Hurricane David breezed by populous South Florida today, then headed up the seacoast, brushing the lavish mansions at Palm Beach and roaring inland at Cocoa Beach.

There, south of the space-launch complex at Cape Canaveral, the fierce winds unroofed apartments and scattered house trailers along the shore.

Behind David is tropical storm Frederic, east of Puerto Rico and heading northwest. Frederic was dropped from hurricane status after its winds diminished from 80 miles an hour to 65.

David's northward movement continued, and a hurricane watch was extended up the coasts of Georgia and South Carolina.

Traffic lights came crashing down, a 25-foot sailboat was hurled onto the shore at Lake Worth, and thousands of area residents were without power. But property damage was reported moderate south of Palm Beach.

Georgia officials urged evacuation of the barrier islands, and civil defense authorities there opened emergency operation centers in several counties. The Florida National Guard assisted in the evacuation of all persons living in low-lying coastal areas of Volusia, St. John's and Flagler counties, near where the storm was headed as it tracked along the coastline.

Officials at the National Hurricane Center here said the storm would continue northward and "be a threat, maybe to North Carolina," within the next 48 hours.

The South Florida death toll stood at five, largely the result of traffic accidents and heart attacks related to preparations for the storm, which at one point was the mightiest hurricane spawned in the Caribbean in the 20th century.

Hurricane David had leveled the tiny island of Dominica and killed more than 600 in the Dominican Republic before turning toward Florida and aiming its 105-mile-an-hour winds directly at Miami.

But at 5 a.m. today, abruptly and without meteorological explanation, David turned a bit to the north as it had twisted and turned before, veering off course from the coast of South Florida and the more than two million people living there.

The hurricane appeared to be careening from one millionaire's paradise to another, as it moved from Palm Beach north along the coast and bore down on Sea Island, Ga., playground of such wealthy, well-known Georgians as Jimmy Carter and Bert Lance.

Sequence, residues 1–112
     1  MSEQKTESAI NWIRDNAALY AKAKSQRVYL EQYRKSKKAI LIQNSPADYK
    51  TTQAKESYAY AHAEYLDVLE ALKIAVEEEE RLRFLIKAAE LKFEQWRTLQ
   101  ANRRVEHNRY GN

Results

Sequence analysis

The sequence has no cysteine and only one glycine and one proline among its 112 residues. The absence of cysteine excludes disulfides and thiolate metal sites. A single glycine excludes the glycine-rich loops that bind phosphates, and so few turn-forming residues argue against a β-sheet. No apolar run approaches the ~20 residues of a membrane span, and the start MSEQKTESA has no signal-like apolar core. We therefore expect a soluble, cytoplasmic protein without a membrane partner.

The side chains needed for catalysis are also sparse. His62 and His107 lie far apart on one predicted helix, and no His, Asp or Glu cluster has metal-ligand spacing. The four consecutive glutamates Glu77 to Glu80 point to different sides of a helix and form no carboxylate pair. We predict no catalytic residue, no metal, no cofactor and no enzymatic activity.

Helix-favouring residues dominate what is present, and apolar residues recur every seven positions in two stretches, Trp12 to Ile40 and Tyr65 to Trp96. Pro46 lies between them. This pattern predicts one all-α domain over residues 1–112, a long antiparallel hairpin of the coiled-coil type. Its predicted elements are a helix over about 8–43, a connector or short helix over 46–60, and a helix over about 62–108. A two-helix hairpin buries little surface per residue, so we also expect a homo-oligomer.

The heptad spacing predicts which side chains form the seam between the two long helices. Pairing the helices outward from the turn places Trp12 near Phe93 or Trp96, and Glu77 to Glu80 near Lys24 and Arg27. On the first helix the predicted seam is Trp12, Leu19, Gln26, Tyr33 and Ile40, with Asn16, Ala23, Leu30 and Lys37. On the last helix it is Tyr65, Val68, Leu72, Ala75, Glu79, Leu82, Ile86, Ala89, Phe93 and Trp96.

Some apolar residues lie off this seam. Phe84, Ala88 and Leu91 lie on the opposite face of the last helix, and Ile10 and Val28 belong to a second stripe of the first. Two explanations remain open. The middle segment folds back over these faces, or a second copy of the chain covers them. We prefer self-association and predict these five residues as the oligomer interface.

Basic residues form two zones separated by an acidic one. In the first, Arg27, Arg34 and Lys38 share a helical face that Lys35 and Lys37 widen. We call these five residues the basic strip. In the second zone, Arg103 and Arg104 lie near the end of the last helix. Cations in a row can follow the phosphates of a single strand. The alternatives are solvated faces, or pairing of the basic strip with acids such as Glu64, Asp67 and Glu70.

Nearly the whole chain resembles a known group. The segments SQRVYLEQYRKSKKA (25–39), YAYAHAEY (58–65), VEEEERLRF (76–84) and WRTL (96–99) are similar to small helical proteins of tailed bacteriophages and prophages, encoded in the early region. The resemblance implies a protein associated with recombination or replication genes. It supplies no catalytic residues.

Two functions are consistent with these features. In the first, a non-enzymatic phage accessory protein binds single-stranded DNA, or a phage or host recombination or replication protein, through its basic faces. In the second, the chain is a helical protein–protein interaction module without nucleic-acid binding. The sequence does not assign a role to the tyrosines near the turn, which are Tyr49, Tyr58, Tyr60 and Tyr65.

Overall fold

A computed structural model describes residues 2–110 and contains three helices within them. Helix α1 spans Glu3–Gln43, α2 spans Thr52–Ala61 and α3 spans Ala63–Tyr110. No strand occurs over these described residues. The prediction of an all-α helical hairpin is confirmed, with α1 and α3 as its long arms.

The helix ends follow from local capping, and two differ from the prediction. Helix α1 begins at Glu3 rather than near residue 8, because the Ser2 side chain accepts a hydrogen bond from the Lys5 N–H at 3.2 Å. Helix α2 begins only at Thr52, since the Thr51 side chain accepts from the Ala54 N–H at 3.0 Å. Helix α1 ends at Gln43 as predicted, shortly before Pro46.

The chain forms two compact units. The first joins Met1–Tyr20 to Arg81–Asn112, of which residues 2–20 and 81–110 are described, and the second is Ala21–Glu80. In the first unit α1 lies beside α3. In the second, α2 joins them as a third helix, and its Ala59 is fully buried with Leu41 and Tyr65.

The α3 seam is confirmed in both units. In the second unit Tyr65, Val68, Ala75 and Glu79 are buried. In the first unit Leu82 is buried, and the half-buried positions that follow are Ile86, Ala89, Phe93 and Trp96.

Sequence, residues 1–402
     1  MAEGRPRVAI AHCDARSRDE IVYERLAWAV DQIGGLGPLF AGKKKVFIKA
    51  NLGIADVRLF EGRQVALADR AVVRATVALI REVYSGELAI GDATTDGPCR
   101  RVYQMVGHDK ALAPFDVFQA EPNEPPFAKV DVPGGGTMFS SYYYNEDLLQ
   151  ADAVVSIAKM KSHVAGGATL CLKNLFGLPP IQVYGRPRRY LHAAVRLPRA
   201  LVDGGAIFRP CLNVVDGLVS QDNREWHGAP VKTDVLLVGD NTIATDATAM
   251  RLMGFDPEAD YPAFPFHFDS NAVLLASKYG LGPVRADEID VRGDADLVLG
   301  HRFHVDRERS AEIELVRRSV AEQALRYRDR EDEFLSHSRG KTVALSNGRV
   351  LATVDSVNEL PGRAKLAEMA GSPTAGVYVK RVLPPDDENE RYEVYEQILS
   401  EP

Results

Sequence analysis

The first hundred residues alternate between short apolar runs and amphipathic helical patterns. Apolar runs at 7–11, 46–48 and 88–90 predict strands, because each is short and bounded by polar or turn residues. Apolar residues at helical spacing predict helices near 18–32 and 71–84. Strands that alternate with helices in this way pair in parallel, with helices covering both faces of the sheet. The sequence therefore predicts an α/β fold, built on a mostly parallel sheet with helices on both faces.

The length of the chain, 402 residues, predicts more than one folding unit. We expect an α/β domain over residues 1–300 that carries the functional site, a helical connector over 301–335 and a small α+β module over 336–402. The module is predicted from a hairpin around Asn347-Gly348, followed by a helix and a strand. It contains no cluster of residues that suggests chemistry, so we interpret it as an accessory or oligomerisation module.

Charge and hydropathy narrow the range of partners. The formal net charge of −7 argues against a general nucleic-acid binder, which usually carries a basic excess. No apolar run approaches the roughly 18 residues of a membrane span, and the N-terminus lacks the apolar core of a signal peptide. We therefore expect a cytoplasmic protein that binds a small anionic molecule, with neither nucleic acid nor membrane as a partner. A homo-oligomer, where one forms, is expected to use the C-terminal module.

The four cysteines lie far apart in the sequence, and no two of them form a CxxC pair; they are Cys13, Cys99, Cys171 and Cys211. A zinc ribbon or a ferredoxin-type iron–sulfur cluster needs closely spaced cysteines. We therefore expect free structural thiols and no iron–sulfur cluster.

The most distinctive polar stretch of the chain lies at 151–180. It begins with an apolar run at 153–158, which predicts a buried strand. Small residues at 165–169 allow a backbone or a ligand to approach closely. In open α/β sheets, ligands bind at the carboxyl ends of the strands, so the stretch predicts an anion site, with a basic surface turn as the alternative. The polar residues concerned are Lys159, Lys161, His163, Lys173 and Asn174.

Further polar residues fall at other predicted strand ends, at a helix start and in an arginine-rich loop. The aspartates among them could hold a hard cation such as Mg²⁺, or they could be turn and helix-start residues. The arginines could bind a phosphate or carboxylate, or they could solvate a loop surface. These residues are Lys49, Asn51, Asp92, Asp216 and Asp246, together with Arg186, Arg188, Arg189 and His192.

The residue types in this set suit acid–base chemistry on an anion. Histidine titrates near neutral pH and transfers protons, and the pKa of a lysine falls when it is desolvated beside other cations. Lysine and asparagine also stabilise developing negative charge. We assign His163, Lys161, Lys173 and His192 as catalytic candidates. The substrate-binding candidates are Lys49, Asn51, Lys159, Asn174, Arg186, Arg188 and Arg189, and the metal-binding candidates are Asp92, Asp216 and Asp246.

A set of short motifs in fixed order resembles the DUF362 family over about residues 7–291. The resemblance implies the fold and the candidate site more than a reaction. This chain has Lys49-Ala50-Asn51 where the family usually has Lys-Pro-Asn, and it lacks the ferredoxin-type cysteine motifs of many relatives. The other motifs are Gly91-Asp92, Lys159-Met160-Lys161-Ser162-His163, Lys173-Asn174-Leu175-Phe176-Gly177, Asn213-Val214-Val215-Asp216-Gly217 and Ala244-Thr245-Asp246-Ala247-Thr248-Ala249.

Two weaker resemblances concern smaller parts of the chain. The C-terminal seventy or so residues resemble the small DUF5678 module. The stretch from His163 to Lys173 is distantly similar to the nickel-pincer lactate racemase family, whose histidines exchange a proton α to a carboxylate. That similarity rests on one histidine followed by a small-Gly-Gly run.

"Due to weather conditions, the sand sculpture contest has been canceled," blared the public address system poolside at the Sea Island Beach Club as the winds picked up, the palms swayed and the seas churned.

As the local civil defense director urged a "voluntary" evacuation of Georgia's low-lying coastal areas, Sea Island guests jammed the checkout desk of the hacienda-style Cloister Hotel to break off Labor Day vacations early. Gray-haired patrons joked about life insurance policies and prepared wills, but there was anxiety in the air.

Earlier, federal and Miami officials had expressed deep concern over how a major hurricane would affect this Florida city, which has grown so fast so recently. Today, they expressed mixed opinions over how the public, 80 percent of whom were estimated never to have experienced a hurricane before, reacted to David.

Generally, the evacuation of tens of thousands of people from low-lying waterfront areas was carried off without a hitch. "We need to look at this thing and say, 'Hey, we had a good rehearsal, we had a good practice.'" said Monte McMullen, one of five Dade County civil defense coordinators. But he added, "I'm terribly concerned this will lull people about the next one . . . people saying, 'It's no problem,' or 'I've seen what it's like.'

"I'm worried now that they're going to say, 'You cried wolf.'"

Neil Frank, director of the National Hurricane Center here, said that decisions to evacuate were proper, given the information available for hurricane forecasters at the time. "Yeah, sure, I'm concerned." Frank said of the possibility that Miamians will think they have been through a major storm when in fact they experienced heavy and continuous rain and good stiff winds.